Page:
Ken Starr: Don’t Do Your Media Training During The Actual Interview!
I’ve written about hundreds of media disasters over the past decade, but I’ve never seen anything quite like this.
The subject of this interview is Ken Starr, whose work as independent counsel in the 1990s revealed the Monica Lewinsky scandal and led to the impeachment of President Bill Clinton.
In recent years—and until earlier this week—Starr was the president and chancellor of Baylor University. He was terminated from his role as president (and resigned his post as chancellor) due to his failure to respond to accusations from six female students who claimed that they had been raped and/or sexually assaulted.
He agreed to an interview with a local CBS affiliate in Waco, Texas this week when this happened:
I’ve never seen someone give three different answers to the same question during the same interview while looking off-camera to his public relations counsel for approval.
Here was the original question:
Reporter: “What about the victim that came forward saying that she had personally sent you an email and Art Briles [Baylor’s former football coach] an email saying in the subject line that she was raped at Baylor. Did you ever see that email?”
Answer Number One
Starr answered her question rather directly:
“I honestly may have. I’m not denying that I saw it.”
But Merrie Spaeth, Starr’s crisis manager who was standing off camera, didn’t like that answer and asked the reporter not to use his response. When the reporter refused her request, Spaeth insisted that Starr follow her into another room to discuss his answer.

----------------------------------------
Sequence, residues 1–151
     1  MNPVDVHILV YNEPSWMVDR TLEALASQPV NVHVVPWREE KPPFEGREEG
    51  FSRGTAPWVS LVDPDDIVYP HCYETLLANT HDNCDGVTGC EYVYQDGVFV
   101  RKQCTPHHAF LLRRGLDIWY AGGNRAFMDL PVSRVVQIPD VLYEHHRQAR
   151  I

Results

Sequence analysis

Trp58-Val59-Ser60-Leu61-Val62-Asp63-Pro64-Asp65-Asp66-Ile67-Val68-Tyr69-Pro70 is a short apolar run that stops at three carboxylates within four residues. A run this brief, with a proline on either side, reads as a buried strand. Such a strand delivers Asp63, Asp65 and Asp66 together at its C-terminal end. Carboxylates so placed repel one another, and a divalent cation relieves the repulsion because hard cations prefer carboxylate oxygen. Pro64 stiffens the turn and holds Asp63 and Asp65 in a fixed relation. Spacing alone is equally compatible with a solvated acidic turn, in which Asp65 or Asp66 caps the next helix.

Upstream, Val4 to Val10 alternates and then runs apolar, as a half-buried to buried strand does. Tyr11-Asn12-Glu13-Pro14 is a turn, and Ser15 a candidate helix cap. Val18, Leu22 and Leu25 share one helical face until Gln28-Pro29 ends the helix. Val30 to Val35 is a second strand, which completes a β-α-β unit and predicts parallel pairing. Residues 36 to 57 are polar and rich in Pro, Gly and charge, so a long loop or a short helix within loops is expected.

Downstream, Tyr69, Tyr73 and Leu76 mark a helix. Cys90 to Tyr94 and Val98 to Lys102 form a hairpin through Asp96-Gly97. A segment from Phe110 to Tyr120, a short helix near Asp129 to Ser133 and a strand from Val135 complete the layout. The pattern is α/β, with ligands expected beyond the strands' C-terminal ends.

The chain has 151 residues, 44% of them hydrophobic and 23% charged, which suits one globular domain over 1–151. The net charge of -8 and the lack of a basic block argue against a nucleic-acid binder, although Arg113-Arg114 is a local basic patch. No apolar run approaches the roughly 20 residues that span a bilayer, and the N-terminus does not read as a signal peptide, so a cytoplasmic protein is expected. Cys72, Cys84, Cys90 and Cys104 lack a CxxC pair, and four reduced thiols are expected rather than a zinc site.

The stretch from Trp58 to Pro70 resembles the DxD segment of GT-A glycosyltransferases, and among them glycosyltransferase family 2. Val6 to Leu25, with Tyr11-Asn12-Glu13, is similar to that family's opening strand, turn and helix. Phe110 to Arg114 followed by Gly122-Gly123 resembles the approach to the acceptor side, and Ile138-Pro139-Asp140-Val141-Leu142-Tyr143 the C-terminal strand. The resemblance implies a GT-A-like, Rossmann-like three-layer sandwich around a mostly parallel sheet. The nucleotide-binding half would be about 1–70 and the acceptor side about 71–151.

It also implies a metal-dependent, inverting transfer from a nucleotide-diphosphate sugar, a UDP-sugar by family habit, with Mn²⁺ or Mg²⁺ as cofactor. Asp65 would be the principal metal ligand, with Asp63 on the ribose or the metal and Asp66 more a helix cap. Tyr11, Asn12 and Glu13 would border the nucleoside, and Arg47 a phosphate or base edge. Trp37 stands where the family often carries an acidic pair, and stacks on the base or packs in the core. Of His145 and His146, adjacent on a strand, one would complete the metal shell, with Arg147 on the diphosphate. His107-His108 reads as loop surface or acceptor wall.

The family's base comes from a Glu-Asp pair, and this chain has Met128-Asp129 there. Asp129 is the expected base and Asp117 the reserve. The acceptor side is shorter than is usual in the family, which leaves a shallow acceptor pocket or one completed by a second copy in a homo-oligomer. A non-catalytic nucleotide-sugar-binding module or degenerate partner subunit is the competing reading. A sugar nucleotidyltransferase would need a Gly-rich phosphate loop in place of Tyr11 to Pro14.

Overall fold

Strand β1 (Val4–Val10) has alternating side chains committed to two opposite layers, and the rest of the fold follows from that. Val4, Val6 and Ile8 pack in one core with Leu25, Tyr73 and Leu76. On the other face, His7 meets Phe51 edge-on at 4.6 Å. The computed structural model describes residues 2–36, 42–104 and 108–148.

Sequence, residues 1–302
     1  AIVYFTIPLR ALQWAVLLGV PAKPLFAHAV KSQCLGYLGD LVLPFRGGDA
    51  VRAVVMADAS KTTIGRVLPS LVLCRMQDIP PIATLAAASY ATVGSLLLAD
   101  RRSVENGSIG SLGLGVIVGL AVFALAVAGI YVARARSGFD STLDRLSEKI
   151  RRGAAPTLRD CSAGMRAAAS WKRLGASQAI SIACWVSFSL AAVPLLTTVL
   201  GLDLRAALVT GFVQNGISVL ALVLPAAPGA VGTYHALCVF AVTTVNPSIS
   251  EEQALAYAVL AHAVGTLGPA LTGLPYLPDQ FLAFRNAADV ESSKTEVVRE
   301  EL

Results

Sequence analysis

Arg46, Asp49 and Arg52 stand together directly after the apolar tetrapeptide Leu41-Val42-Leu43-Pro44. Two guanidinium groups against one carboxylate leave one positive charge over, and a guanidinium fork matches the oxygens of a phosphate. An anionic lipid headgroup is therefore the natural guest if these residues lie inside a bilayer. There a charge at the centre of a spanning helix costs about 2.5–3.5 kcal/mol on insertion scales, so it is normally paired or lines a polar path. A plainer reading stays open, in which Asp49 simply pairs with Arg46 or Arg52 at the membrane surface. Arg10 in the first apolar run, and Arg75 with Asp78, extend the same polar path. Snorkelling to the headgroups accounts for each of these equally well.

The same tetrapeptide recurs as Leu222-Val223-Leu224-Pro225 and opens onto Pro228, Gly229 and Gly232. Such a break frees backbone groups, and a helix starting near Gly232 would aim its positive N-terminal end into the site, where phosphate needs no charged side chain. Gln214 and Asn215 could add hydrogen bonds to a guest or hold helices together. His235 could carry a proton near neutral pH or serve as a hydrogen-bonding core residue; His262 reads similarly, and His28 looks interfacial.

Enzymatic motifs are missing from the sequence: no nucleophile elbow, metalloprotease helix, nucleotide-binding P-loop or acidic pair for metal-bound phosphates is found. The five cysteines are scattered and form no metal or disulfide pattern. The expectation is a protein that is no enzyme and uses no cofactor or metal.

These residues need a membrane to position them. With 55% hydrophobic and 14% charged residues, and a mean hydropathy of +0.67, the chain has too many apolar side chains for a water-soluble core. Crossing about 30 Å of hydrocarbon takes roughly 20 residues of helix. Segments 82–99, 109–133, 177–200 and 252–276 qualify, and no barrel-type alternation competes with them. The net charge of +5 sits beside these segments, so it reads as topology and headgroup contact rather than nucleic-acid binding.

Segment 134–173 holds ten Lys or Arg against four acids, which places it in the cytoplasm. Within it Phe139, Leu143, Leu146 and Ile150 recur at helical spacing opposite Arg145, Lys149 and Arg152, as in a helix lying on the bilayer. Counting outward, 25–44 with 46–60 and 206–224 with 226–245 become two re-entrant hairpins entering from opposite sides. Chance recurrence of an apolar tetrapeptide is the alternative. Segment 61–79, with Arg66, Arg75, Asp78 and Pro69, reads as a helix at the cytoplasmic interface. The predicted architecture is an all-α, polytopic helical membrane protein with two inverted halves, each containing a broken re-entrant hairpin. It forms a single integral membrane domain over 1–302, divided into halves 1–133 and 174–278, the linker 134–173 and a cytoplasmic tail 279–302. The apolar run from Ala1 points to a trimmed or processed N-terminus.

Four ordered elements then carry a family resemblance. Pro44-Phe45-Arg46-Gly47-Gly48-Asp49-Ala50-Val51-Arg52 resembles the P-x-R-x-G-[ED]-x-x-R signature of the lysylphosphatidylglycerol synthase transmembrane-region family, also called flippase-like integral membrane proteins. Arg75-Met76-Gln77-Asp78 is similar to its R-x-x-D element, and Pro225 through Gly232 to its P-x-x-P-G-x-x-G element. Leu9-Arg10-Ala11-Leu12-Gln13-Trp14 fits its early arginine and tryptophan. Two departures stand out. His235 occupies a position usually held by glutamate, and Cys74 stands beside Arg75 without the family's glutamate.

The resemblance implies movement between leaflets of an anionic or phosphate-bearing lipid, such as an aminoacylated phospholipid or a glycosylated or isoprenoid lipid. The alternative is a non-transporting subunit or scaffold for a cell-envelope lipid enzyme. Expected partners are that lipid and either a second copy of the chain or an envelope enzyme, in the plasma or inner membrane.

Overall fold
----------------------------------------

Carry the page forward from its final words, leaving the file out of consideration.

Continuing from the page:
Answer Number Two
As Spaeth and Starr returned to the interview, Spaeth announced:
“She needs to ask you that question again, whether you do it on camera or not, it’s up to you. I just want to make sure it doesn’t end up mis-edited.”
Spaeth thought she had the right to tell a reporter what to re-ask and that her request wouldn’t make its way into the story? And she thought the reporter would buy her claim that running Starr’s original words—which he had just uttered on camera in their proper context—would somehow be the result of “mis-editing?”
The reporter asked the question again anyway, and Starr gamely tried again:
“All I’m going to say is I honestly have no recollection of that.”
Starr then turned to Spaeth and asked, “Is that okay?” Spaeth, seemingly aware of the game that was supposed to be played here, scolded her client:
“Don’t look at me, look at her!”
“I honestly have no recollection of seeing such an email, and I believe that I would remember seeing such an email. The president of a university gets lots of emails. I don’t even see a lot of the emails that come in to the office of the president. I have no recollection of it. None.”
Starr was, in essence, doing his media training during an actual interview.
Spaeth’s decision to interrupt the interview didn’t serve her client well. One bad answer was bad enough; three versions of the same reply made her client look like an empty vessel for whichever words he was coached to say. Worse, the spectacle of it all drew much more attention to an interview that otherwise wouldn’t have gotten the same notice.
As for Starr, he looked rather clueless. That he thought he could keep workshopping different versions of his answers in front of cameras without that becoming the story is stunning—and surprising for a man who has spent so much of his life in the public eye.